0
$\begingroup$

I am trying to calculate the following double integral:

$$\iint_D{dxdy}$$

from the region:

$$D = \{(x,y) \in R^2 : 0 \le y \le \frac{3}{4}x,\ x^2+y^2\le25 \}$$

So far I have gotten to the point where:

$$\iint_D{dxdy} = \int_0^5\int_{\frac{4}{3}y}^\sqrt{25-y^2}{dxdy}$$

Would that be correct?

$\endgroup$
  • $\begingroup$ In what point the circle meets the line ? $\endgroup$ – Nosrati Nov 16 '17 at 15:03
  • $\begingroup$ No! It's $(4,3)$, right? $\endgroup$ – Nosrati Nov 16 '17 at 15:15
  • $\begingroup$ $x^2+(\frac34x)^2=25$ $\endgroup$ – Nosrati Nov 16 '17 at 15:16
  • $\begingroup$ Or is it $(4,3)$? $\endgroup$ – Omari Celestine Nov 16 '17 at 15:21
  • $\begingroup$ So your integral is $$\iint_D{dxdy} = \int_0^3\int_{\frac{4}{3}y}^\sqrt{25-y^2}{dxdy}$$ $\endgroup$ – Nosrati Nov 16 '17 at 15:22
1
$\begingroup$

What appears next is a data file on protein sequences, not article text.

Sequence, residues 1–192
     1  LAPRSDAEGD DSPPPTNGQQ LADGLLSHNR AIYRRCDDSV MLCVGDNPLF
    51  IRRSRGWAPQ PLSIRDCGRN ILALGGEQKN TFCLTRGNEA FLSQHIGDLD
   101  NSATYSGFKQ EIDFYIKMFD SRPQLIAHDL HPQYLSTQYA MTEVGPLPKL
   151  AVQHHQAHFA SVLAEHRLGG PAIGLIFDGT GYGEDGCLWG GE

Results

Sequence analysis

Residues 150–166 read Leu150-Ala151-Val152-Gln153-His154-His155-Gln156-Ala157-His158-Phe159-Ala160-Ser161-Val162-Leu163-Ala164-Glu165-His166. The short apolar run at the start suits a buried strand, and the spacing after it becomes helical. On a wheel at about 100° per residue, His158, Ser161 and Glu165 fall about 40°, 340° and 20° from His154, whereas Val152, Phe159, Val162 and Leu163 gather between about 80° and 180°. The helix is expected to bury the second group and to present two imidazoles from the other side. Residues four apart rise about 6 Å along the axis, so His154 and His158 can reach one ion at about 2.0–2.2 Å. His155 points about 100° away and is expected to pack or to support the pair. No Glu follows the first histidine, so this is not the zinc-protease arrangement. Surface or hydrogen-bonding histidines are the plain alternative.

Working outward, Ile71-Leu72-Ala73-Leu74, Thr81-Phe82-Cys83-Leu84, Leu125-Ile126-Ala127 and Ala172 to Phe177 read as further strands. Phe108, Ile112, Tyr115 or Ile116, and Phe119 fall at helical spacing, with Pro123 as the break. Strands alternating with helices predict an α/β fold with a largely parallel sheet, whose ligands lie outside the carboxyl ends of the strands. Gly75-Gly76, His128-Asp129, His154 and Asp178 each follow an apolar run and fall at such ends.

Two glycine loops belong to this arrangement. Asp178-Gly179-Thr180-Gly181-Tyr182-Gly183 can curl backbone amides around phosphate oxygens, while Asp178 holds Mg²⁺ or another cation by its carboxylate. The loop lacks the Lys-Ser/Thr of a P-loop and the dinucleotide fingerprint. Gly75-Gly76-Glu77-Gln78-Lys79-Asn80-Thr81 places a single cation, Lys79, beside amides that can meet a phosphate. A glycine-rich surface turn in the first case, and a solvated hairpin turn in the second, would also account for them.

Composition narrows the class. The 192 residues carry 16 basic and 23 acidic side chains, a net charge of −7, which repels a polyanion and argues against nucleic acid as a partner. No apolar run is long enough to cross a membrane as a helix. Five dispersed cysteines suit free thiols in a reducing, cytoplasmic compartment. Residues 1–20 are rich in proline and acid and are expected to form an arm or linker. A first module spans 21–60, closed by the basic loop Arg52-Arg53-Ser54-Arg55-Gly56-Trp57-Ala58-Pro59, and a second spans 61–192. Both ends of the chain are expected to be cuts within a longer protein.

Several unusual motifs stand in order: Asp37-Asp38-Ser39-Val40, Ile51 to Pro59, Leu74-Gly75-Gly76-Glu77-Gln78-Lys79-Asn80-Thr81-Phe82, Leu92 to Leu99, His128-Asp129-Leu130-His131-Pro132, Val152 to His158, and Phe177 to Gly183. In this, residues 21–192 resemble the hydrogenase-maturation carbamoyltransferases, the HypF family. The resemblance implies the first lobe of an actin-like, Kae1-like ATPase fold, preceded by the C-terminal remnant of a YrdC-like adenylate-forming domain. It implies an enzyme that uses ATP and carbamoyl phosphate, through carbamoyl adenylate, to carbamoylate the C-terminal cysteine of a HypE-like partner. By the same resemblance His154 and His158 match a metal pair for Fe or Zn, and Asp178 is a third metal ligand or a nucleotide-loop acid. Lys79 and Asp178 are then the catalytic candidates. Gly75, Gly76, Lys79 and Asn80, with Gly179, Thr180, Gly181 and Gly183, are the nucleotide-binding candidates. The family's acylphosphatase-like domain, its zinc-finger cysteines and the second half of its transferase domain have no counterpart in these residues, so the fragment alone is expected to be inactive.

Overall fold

Indeed \begin{align} \iint_D{dxdy} &= \int _0^3\int _{\frac{4 y}{3}}^{\sqrt{25-y^2}}1dxdy \\ &= \int _0^4\int _0^{\frac{3 x}{4}}1dydx+\int _4^5\int _0^{\sqrt{25-x^2}}1dydx\\ &= \int _0^{\tan ^{-1}\left(\frac{3}{4}\right)}\int _0^5rdrdt \\ &= \color{blue}{\frac{25}{2} \tan ^{-1}\frac{3}{4}}\\ &\sim 8 \end{align}

$\endgroup$
  • $\begingroup$ How did you get to the second part with the different intervals? $\endgroup$ – Omari Celestine Nov 16 '17 at 16:00
  • $\begingroup$ Consider region in intervals $[0,4]$ and $[4,5]$. $\endgroup$ – Nosrati Nov 16 '17 at 16:07
1
$\begingroup$

Draw the picture. The region is a circular sector, centered at the origin, with radius 5. The sector is in the first quadrant between the $x$-axis and the line $y=\frac{3}{4}x$. Find the intersection of the line and the circle in the first quadrant. It is $(4,3)$.

If you learned double integrals in polar coordinates, then you should get $\int_{0}^{\arctan{3/4}} \int_{0}^{5} r dr d\theta$.

If not polar, then you can get $\int_{0}^{3} \int_{\frac{4}{3}y}^{\sqrt{25-y^2}} dx dy$

$\endgroup$

Your Answer

By clicking “Post Your Answer”, you agree to our terms of service, privacy policy and cookie policy

Not the answer you're looking for? Browse other questions tagged or ask your own question.